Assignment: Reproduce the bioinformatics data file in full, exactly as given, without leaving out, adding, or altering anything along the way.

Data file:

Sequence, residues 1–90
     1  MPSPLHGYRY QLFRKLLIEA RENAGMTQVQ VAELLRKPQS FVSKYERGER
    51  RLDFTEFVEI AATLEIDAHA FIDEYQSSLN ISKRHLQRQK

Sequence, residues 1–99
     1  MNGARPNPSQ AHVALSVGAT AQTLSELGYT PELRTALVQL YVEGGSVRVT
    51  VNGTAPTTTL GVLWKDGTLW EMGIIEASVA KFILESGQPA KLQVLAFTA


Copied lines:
Sequence, residues 1–90
     1  MPSPLHGYRY QLFRKLLIEA RENAGMTQVQ VAELLRKPQS FVSKYERGER
    51  RLDFTEFVEI AATLEIDAHA FIDEYQSSLN ISKRHLQRQK

Sequence, residues 1–99
     1  MNGARPNPSQ AHVALSVGAT AQTLSELGYT PELRTALVQL YVEGGSVRVT
    51  VNGTAPTTTL GVLWKDGTLW EMGIIEASVA KFILESGQPA KLQVLAFTA